Court told of top cyclist's death
A pub landlord who knocked over and killed one of Britain's top cyclists while driving home after an overnight flight may have fallen asleep at the wheel, a jury heard yesterday .
A pub landlord who knocked over and killed one of Britain's top cyclists while driving home after an overnight flight may have fallen asleep at the wheel, a jury heard yesterday.
Norwich Crown Court was told how Donald Pearce veered in to Zak Carr on the A11 near Wymondham but claims he did not spot the "highly experienced" cyclist before the fatal crash.
Pearce, 49, who runs the Farmhouse pub in Colman Road, had not had an overnight sleep between leaving Turkey the night before, arriving at Stansted in the early hours and driving back to Norwich with his wife.
Mr Carr, 30, of Attleborough - one of the top three cyclists in the country - was riding to work in daylight at about 7.15am on October 17, 2005, and was wearing full Lycra cycling gear and a helmet.
John Farmer, prosecuting, told the jury that Pearce and his wife had been in Turkey for a fortnight's holiday and had landed at Stansted at 4am.
"He then gets in the car and drives and this is what happens," Mr Farmer said.
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"He is driving a car, having had no overnight sleep and no proper rest.
"He's dozed off, drifted and hit the cyclist.
"It may very well be that he's got his eyes closed, he hits the cyclist and wakes up."
The court heard Pearce later told police in interview that he did not see the cyclist until the last moment.
Mr Farmer read a witness statement from Mr Carr's father, Barry, who passed his son on the A11 just moments before the collision en route to a building job the pair were working on at Thorpe Marriott.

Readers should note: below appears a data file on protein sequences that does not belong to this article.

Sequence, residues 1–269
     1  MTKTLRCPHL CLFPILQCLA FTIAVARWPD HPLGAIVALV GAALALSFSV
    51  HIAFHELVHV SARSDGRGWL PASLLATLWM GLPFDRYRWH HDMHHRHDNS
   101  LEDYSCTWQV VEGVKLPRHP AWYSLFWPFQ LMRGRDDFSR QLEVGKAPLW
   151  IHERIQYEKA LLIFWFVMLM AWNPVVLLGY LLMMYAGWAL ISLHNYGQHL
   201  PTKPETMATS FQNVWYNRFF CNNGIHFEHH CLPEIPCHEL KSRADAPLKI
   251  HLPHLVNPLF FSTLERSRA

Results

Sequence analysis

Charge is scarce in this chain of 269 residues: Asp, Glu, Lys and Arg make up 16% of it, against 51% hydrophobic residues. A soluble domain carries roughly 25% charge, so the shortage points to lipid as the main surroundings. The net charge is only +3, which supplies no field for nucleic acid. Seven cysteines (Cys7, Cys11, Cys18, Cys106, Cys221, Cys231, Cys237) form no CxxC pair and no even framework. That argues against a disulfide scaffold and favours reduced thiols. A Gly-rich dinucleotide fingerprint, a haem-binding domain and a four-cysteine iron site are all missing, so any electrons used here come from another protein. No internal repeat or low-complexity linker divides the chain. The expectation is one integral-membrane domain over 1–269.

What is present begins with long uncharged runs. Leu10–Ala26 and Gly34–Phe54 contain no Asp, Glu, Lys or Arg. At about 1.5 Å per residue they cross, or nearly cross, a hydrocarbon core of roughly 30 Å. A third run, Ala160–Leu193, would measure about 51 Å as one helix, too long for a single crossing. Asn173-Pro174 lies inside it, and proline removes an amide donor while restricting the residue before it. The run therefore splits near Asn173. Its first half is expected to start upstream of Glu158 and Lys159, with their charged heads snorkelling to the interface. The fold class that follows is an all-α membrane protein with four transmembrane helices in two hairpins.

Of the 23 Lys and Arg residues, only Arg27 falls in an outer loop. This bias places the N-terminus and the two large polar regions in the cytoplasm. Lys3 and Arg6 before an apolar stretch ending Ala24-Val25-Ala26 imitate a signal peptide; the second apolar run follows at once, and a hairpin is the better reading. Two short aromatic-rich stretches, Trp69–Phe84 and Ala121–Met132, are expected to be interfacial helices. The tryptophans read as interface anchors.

Barry Carr had watched his son head off from the parental home in Wymondham and his red rear light was "clearly visible" when he overtook him.
Pearce's wife, Deborah, said she and her husband set off from Stansted at about 5.45am and did not plan a break because Pearce "usually drives for hours".
She slept for the entire journey and only woke when she heard a bang and saw the windscreen was smashed and she was covered in glass.
Asked by Mr Farmer if her husband had ever given an explanation for hitting the cyclist, she said: "We keep things bottled up and get on with life because we've got a business to run.
"He cannot remember, all of a sudden he was there."
Laurence Bruce, defending, asked if she had any hesitation about her husband driving home, to which she replied: "no".
She agreed he was an extremely experienced and safe driver and he had been "badly affected" by the accident.
Giving evidence, lorry driver Antony Filby, who was on the A11 behind Pearce's Rover 220 immediately before the collision, said Mr Carr was cycling between the nearside carriageway and the verge and his rear light was on.
"The next moment, this car didn't swerve, it just veered in to left.
"It was all over in a matter of seconds… it was just like a nightmare."
Witnesses who had all overtaken or were in the process of overtaking Mr Filby's lorry told the jury they were only aware of a cyclist when they saw a body and a bike being flung in the air.
Pearce denies causing Mr Carr's death by dangerous driving.
The trial continues.